Congratulations to Kate Higgins, RN, for being named the 2022 NICU Hero Award winner! Higgins cares for families in the NICU at Brigham and Women’s Hospital in Boston, Massachusetts.
We asked parents across the U.S. to nominate their NICU Hero, someone who exemplifies exceptional compassionate family care in the NICU. We received heartfelt nominations from more than 20 states, and more than 5,000 votes were cast in the contest. The winner was announced on November 4 at the 2022 NICU Community Conference.
A special connection
Kate Higgins, RN, a NICU nurse since 2001, was nominated for the NICU Hero Award by Anne Marie Rivard for providing exceptional NICU care during their stay. Rivard’s twins were born at 34 weeks, and her son Maxwell spent 18 days in the NICU, while his twin, Benjamin, spent 21 days in the NICU.
“The day that we met Kate was such a difficult day,” said Rivard. She had not been able to see her babies yet due to her own health condition. Once she was finally able to get to the NICU, she met Higgins, who immediately reassured her that her babies were going to be okay and that they were in good hands.
But Rivard’s daily routine took a toll on her. She was pumping around the clock, taking care of her 14-month-old at home, commuting over an hour to the hospital, caring for her boys in the NICU, and then driving home and doing it all over again the next day. “Sometimes I would be crying before I even walked in the door,” she recalls. “Kate just always knew the right thing to say. She acknowledged and validated my feelings and urged me to take care of myself so I could be the best mom for my babies.”
Coming full circle
For Higgins, caring for families in the NICU is a full circle experience. She is a NICU graduate herself, and absolutely loves her job as a NICU nurse, combining patient care with family care. “I get to take care of families during a very vulnerable time,” she said. “It’s not lost on me that this is supposed to be a happy time in their lives, and it ends up being one of the scariest.”
“Kate is someone that exemplifies compassion,” said Julie Cadogen, NICU Nurse Director at Brigham and Women’s Hospital. “She is a steadfast colleague at the bedside, she is smart, she is dynamic. She is someone that when you are in a crisis and you are taking care of somebody’s baby, you want to see her next to you.”
“[The NICU] can be a lonely place,” said Rivard. “You obviously see that there are other parents there, but you don’t generally have any connection with them.” Luckily she was able to make a meaningful connection with Higgins. Having Higgins at the bedside, one who really knows what it means to provide compassionate care in the NICU, really helped Rivard and her partner, Jonathan, during this stressful experience.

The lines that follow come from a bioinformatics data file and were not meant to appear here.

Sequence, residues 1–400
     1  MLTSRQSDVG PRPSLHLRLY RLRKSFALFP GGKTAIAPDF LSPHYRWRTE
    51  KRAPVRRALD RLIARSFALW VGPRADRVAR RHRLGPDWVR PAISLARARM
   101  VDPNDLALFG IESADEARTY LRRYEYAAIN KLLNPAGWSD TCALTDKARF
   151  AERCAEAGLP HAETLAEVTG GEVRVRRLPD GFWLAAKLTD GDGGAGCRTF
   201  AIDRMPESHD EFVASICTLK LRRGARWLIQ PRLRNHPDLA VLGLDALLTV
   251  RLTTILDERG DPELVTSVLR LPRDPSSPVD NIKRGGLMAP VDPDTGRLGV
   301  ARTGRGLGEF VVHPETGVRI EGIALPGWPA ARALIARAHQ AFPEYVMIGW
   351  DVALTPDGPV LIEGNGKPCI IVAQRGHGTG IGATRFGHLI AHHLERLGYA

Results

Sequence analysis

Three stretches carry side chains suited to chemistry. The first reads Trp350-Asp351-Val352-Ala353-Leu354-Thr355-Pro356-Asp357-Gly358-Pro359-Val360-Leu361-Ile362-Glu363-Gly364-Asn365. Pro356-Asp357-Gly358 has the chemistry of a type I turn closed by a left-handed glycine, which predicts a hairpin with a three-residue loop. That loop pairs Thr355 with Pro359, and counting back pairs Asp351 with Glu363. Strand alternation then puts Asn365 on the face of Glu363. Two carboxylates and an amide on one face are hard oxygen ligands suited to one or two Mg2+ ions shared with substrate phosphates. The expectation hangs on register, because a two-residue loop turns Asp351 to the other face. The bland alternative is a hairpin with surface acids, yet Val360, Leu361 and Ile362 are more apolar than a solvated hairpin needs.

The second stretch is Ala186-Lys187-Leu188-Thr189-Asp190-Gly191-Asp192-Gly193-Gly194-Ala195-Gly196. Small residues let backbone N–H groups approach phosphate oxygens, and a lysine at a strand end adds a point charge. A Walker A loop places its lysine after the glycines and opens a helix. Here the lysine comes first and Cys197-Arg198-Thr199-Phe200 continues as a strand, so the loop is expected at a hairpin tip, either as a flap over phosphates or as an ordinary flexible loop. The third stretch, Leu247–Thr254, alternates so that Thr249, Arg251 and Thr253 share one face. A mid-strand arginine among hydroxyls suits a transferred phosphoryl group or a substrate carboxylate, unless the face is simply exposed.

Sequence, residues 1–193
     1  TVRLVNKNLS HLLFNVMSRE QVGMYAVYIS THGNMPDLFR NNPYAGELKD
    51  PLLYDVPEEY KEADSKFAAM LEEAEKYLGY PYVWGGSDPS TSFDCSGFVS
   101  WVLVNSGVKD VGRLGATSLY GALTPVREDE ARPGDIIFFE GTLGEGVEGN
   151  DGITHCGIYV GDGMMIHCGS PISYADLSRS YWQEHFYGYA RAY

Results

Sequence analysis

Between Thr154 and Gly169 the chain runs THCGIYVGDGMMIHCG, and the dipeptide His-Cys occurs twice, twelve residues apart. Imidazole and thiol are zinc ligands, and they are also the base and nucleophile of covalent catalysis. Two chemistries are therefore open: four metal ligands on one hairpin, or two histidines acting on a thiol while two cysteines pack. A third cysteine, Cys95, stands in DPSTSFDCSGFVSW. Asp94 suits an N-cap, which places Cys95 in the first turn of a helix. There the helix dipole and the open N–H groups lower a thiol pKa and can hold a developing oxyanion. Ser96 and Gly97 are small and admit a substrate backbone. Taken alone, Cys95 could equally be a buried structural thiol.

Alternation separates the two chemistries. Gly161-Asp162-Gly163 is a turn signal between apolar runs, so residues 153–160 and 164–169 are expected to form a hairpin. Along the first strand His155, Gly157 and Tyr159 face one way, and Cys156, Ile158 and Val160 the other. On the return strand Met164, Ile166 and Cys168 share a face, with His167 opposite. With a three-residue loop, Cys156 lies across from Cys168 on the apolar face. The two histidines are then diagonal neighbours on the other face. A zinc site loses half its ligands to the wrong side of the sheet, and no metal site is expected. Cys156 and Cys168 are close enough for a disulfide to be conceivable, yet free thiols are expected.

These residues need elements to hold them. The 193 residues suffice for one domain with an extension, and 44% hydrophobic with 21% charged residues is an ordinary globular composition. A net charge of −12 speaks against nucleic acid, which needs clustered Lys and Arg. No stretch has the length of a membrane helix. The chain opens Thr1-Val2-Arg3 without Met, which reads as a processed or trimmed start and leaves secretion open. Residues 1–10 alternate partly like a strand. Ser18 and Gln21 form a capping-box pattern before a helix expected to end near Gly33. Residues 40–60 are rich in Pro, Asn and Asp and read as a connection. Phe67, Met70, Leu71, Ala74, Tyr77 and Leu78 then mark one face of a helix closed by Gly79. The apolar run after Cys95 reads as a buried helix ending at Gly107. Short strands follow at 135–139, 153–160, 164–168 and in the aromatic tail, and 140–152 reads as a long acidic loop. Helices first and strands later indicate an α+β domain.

But there’s another fun development in this story. At the time of her boys’ birth, Rivard was actually a nurse in another department at Brigham and Women’s Hospital. She soon felt the pull to pursue becoming a NICU nurse, thanks in large part to her connection with Higgins. “I was intimidated to make the switch,” said Rivard, “She encouraged me every time she saw me.”
Rivard and her family have since moved out of state, but Rivard is happy to share that she is now a NICU nurse in a level III NICU. And she has Higgins to thank for it. “I owe not only my boys’ lives to her but also my career. It’s the best job I’ve ever had and I couldn’t be happier.”
Higgins also absolutely loves her job as a NICU nurse. “I hope I get to do this for as long as I can.” We hope so too!
Congratulations to Kate Higgins, RN! Thank you to Anne Marie Rivard for nominating Kate for the 2022 NICU Hero Award, thank you to all the parents who nominated their heroes, and thank you especially to all the NICU professionals who provide this special care for the babies and families in their units.
Watch the full video below or watch on YouTube.
The 2022 NICU Hero Award is supported by
About Hand to Hold®:
Hand to Hold® is a national nonprofit 501(c)(3) that is dedicated to providing personalized emotional support, education and community to parents who have had children in the Neonatal Intensive Care Unit (NICU) or the loss of a baby. Hand to Hold is removing barriers for support by growing a hybrid model of in-person and virtual support in service to their mission. Support is provided in English or Spanish to parents at no cost to families and all support is designed with the emotional, physical and social needs of the NICU parent. For more information, visit HandtoHold.org.